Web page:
In Africa, agricultural land covers less than 15% of the land area, yet demand from transnational companies is increasing for arable terrain. This demand is driven by the assumption that biofuels are a viable long-term solution to current energy and ecological challenges, combined with a decline in land allocated to agriculture in developed countries. The inclusion of biofuels as part of the green economy agenda jeopardises the immediate and long-term food security of many regions in the developing world, according to this paper. In sub-Saharan Africa, rising food prices, land grabs, and precarious and informal labour conditions are key social threats linked to the emphasis on biofuel production. In Africa, a region already under pressure from population growth, famine, drought and conflict, increases in biofuel production and concomitant land grabs can only contribute to weakening food security and keeping achievement of the Millennium Development Goals far beyond reach.
Poverty and health
Archaic agricultural practices and erratic rainfall in the recent planting period is expected to lead to an increase in food insecurity for most of Swaziland's 1.1 million people in 2012, according to Thembumenzi Dube, a Swazi government agriculture official. He predicted that the country will soon need food assistance for most of its population. Rains failed during the October planting season in the usually productive central middleveld, as well as the generally drought-prone eastern and southern regions. The virtual absence of irrigation systems makes the country dependent on rainfall. Small-scale farmers, who depend on rain-fed agriculture, do not have title deeds, and so cannot use their land as collateral to secure loans for irrigation equipment or other improvements.
The five-year $362.6 million grant to Lesotho seeks to increase water supplies for industrial and domestic use, to mitigate the devastating affects of poor maternal health, HIV/AIDS, tuberculosis and other diseases by substantially strengthening the country’s health care infrastructure and human resources for health capacity, and to remove barriers to foreign and local private sector investment. Mozambique’s five-year $506.9 million Millennium Challenge Compact aims to reduce poverty levels through increased incomes and employment by improving water, sanitation, roads, land tenure, and agriculture. This program is expected to benefit about five million Mozambicans by 2015.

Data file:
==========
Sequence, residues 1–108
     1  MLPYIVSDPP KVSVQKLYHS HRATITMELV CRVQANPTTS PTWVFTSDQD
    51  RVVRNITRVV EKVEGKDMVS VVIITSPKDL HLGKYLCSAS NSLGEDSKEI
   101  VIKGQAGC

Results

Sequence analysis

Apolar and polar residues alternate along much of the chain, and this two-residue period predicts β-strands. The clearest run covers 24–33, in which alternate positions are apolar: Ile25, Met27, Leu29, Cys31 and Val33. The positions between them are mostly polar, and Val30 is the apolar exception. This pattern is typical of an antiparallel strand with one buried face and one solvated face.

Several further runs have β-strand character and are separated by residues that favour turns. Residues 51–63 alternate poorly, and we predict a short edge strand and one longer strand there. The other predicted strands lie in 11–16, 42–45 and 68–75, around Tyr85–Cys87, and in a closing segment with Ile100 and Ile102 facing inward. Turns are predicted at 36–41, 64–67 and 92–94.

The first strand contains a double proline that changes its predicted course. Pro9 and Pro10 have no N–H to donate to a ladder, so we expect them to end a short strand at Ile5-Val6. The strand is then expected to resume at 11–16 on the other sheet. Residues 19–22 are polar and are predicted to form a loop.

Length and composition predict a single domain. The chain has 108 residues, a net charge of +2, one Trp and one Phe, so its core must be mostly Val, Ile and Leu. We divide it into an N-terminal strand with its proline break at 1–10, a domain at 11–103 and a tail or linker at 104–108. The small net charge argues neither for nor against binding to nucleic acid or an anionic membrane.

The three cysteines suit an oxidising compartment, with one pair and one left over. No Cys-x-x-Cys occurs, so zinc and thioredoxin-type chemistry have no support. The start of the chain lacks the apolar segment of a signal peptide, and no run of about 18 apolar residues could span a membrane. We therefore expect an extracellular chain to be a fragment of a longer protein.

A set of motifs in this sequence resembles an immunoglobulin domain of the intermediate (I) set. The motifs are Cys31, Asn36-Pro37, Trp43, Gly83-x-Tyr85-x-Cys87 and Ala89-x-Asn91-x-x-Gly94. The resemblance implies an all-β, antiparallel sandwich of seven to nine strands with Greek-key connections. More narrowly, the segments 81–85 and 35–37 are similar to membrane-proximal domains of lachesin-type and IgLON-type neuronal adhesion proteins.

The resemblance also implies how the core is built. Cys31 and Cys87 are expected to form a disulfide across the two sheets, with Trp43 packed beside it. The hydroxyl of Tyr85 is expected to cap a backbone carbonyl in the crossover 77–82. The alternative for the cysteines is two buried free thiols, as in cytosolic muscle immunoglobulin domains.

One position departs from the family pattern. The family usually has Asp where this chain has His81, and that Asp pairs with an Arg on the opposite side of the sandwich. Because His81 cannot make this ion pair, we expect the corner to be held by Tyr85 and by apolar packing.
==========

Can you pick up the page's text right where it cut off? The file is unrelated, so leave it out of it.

On 2-3 March 2011, Partners in Health, Harvard University and other organisations met to discuss the non-communicable diseases (NCDs) of the world’s poorest billion people. The Conference was held in Boston, United States, and attended by a wide range of government, civil society and academic organisations who have advocated for the inclusion of NCDs as a priority on the global health agenda. This Statement allies itself with a number of World Health Organisation (WHO) and United Nations (UN) agreements and resolutions, such as the WHO’s Framework Convention on Tobacco Control and its Global Strategy on NCDs and the UN Resolution ‘Keeping the Promise: United to Achieve the Millennium Development Goals’. The Statement calls on all UN member state Heads of Government and Heads of State to take urgent action to address NCDs amongst the world’s billion poorest people by: leading at global and national levels for NCDs; strengthening health systems and NCD prevention, treatment and care; strengthening research and data systems; and addressing poverty, vulnerability and discrimination.
The stigma of being labelled poor is inhibiting struggling foster families in Botswana, who are looking after already vulnerable children, from accessing welfare, a new study has found. The study, which focused on the plight of orphans and vulnerable children in Palapye, one of the largest villages in Botswana, located 275km north of the capital, Gaborone, found government assistance was "crippled" by the reluctance of families to register children for state aid. It cited an official as saying, "Some parents do not want to show they have orphans".